Kapil Mehta opines that insurers and intermediaries have a responsibility to …
Kapil Mehta opines that insurers and intermediaries have a responsibility to
make sure that customers understand all conditions clearly, in order that the
evil of lapsation is checked to a great extent.
High lapse of life insurance policies is one of the
most serious issues in the Indian market place.
On average about 20 per cent of policies lapse
in the first year. In some companies and in some
product lines, lapses are much higher. When
applied to the large base of policyholders this is
a big number. It implies a high degree of
financial losses for policyholders and general
dissatisfaction with the products they had
The view on the impact of lapses is not uniform.
Surprisingly, different stakeholders see the
issue very differently.
Stakeholder’s varied perspective on lapses
Customers are the worst affected by lapses. In
general, they have a significant financial loss in
the form of a surrender charge. Also, there is an
opportunity cost as the premium amount
could have been deployed productively
elsewhere, and the cost of purchasing
insurance increases with age.
In general intermediaries such as individual
agents, corporate agents and brokers are
focussed on the first year compensation from
an insurance sale. Renewal commissions are
small (typically 5 per cent of premium in
traditional policies) and it may not be profitable
for the intermediary if there is considerable
follow-up work required for renewal.
The situation is aggravated because many
agents have low productivities and invariably
become inactive over time. For all practical
purposes they lose interest in soliciting or
renewing insurance. In banks and other
corporate agents, the issue is different. High
attrition levels, frequent transfers and lack of
training of the sales staff are an important
reason for poor persistency.
The impact of lapses on insurers is more
complicated. Good, long-term oriented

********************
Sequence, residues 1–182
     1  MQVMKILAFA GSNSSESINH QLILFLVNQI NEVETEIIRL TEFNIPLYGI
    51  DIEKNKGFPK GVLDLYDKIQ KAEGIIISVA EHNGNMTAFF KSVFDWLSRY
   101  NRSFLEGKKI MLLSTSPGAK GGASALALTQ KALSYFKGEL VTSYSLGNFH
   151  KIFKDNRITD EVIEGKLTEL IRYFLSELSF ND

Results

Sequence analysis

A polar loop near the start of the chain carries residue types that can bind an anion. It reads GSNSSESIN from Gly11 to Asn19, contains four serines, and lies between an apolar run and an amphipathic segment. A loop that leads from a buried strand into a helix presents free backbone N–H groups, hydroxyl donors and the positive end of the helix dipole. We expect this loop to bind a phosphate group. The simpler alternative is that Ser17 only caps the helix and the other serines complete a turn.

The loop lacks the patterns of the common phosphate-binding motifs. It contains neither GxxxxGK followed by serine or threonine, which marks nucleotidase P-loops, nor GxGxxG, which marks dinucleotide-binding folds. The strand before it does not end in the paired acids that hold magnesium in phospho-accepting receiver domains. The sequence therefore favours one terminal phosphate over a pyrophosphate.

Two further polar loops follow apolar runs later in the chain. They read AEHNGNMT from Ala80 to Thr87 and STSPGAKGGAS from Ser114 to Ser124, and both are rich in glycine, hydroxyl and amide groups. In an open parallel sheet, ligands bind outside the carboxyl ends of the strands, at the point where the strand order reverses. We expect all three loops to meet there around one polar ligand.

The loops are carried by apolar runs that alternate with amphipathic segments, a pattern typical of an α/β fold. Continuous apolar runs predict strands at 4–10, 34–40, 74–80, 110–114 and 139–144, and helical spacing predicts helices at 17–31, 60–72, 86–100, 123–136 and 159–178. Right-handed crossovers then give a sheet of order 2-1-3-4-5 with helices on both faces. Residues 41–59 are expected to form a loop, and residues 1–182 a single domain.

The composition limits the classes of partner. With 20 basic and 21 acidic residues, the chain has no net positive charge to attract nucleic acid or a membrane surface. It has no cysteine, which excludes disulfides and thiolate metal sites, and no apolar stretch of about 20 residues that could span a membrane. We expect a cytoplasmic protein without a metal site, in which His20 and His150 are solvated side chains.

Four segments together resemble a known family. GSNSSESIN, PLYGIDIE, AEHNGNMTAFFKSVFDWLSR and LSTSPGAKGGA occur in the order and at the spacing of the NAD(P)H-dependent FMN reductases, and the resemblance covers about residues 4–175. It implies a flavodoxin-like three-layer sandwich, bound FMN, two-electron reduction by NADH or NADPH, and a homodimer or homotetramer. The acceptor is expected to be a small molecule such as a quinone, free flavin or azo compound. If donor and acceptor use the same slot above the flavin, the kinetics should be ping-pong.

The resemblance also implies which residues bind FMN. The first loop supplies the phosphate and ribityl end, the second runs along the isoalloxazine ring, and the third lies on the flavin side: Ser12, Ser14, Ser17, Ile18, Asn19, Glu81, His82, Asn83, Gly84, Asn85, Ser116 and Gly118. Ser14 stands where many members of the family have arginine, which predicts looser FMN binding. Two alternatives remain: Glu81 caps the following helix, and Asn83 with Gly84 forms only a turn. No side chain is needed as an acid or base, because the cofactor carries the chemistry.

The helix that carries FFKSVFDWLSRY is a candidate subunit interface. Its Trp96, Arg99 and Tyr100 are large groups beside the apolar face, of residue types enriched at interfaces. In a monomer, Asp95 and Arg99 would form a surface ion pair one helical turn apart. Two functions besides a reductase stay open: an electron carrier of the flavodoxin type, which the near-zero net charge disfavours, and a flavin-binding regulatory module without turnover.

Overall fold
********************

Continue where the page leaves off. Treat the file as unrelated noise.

insurers understand that a lapse results in loss
of a long term cash flow and the resultant
profits. There is also loss of reputation each time
a company’s insurance policy lapses.
However, sometimes, lapses may actually
increase an insurer’s profits in the short term.
Several products are lapse-supported. This
means that, because of the high surrender
charges, lapses may actually increase shortterm
profits. This creates a tension as, often
enough, meeting short term objectives is
important for the insurers.
Further, in some markets, even the long term
impact of lapses can be positive for the insurer.
Taiwan is one such example. Policies that were
sold there a decade ago were embedded with
high guarantees as interest rates were at a peak
at that time. Over the years interest rates in
Taiwan have reduced considerably and to such
an extent that many of the policies are
unprofitable for the insurer. In such a situation,
insurers can actually create significant long
term value by lapsing policies. Customers have
realized this and therefore persistency in these
markets is high. Several insurers have now
exited this market because of the unfavourable
insurance economics. There is a lesson here
about the risks of offering high guarantees but
that is the subject of another article.
In summary, the impact of lapses on insurers is
The situation is
agents have low
over time. For all
lose interest in
s ue f i s ocus
irda journal | august 2011 18
The lapses on
tend to be the
highest and one
of the reasons is
feel that they no
not always clear and there can be several
conflicting outcomes. This makes it critical for
regulators to take the right steps and for
consumers to be more aware about insurance.
We must understand why policyholders lapse
their policies. Do they understand the costs
involved and the options available?
Why do customers laps